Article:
18 August 2007

The Lesser Known

It All Began with Men Who Fought for the Truth!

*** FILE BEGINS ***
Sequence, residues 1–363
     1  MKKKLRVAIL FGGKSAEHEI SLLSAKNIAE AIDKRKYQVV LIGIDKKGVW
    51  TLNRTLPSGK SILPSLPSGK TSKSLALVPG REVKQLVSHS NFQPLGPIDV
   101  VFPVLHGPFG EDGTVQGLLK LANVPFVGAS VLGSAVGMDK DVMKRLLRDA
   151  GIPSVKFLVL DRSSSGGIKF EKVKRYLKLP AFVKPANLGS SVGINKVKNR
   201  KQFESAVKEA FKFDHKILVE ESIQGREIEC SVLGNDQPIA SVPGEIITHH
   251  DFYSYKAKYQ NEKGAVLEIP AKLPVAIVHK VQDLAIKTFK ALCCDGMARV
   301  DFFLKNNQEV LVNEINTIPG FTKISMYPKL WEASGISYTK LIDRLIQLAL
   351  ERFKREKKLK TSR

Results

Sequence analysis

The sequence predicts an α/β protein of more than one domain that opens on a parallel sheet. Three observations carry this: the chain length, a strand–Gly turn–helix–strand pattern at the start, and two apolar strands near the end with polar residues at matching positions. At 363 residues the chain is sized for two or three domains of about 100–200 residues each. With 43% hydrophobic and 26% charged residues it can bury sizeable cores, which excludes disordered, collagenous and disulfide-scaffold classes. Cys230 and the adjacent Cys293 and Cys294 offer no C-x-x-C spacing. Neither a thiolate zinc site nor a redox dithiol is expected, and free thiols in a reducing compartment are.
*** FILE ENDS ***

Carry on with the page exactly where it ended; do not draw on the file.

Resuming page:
When we think of the Reformation today, we think of the separation between born again evangelicals and the Roman Catholic church. We think of saved by grace through faith and the Catholic's view of saved by works and the church of Rome. But there was so much more to it. We had Martin Luther nailing his 95 Theses of Contention to the church of Rome which began a major turn for the church of Jesus Christ. People started reading the Bible for themselves. The people began to turn to a personal relationship with Jesus Christ instead of the Pope. Luther, Zwingli, and Calvin were great men who took a stand for the truth, even if it meant losing their lives for that truth. However, if we look back, even before Luther, we get a glimpse of a man who we would call a 'lesser known' proponent of the Reformation because he wasn't there to see the separation of the Catholics and the beginning of the Protestant church; his name is John Huss.John died for doing what he thought was best for the church - standing for the Word of God (Matt 10:22) "and you will be hated by all for My name's sake. But the one who endures to the end will be saved". He was a man who knew the truth and was willing to die for it. I think what stands out the most to me about John and his faith in Christ, is that he studied the scriptures and became aware of the unbiblical rules and traditions of the Catholic church. (Act 17:11) "Now these Jews were more noble than those in Thessalonica; they received the word with all eagerness, examining the Scriptures daily to see if these things were so". He started to question the authority of the papal rule and the church of Rome which, at this time, was causing commotion among the bishops of Rome. He continued to preach in the Bethlehem chapel with boldness, and became bolder and bolder in his accusations against the Church. He was a man who knew the importance of conveying the truth to all people. After all books and valuable manuscripts of Wycliffe were burned, and Huss and his followers were put under the ban, the church of Rome was still very upset with John's voice claiming salvation by faith alone. The church of Rome called him a heretic and he was to face persecution for his interpretation of the Scriptures. On June 5, 1415, John Huss was tried for the first time, and for that purpose was transferred to the Franciscan monastery, where he spent the last weeks of his life. After his time there, he was sentenced to die by burning. Huss was led into the church where he was called a heretic. He protested loudly several times, and when his appeal to Christ was rejected as heresy, John said, "O God and Lord, now the council condemns even thine own act and thine own law as heresy, since thou thyself didst lay thy cause before thy Father as the just judge, as an example for us, whenever we are sorely oppressed." After his cry to God, he was sent into the courtyard to face his death. It was a death for standing firm for the Word of God (2Tim 4:5-7) "As for you, always be sober-minded, endure suffering, do the work of an evangelist, fulfill your ministry. For I am already being poured out as a drink offering, and the time of my departure has come. I have fought the good fight, I have finished the race, I have kept the faith." John was asked to recant, but he would not for he had done nothing wrong, and went on to say to his executioner "God is my witness that I have never taught that of which I have been accused by false witnesses. In the truth of the Gospel which I have written, taught, and preached I will die to-day with gladness." John Huss died for his faith a slow and painful death by fire. This is something I hope I will never go through, but also something for which I should be prepared. As George Whitefield says "We must all have the spirit of martyrdom, though we may not all die martyrs". We need to stop and thank men like John Huss and Wycliffe for their determination to expound the true Gospel of Jesus Christ. As a result of their perseverance, one hundred years later, a man named Martin Luther would be born to continue the legacy that John Huss had begun - the Reformation.By Mike Andrews

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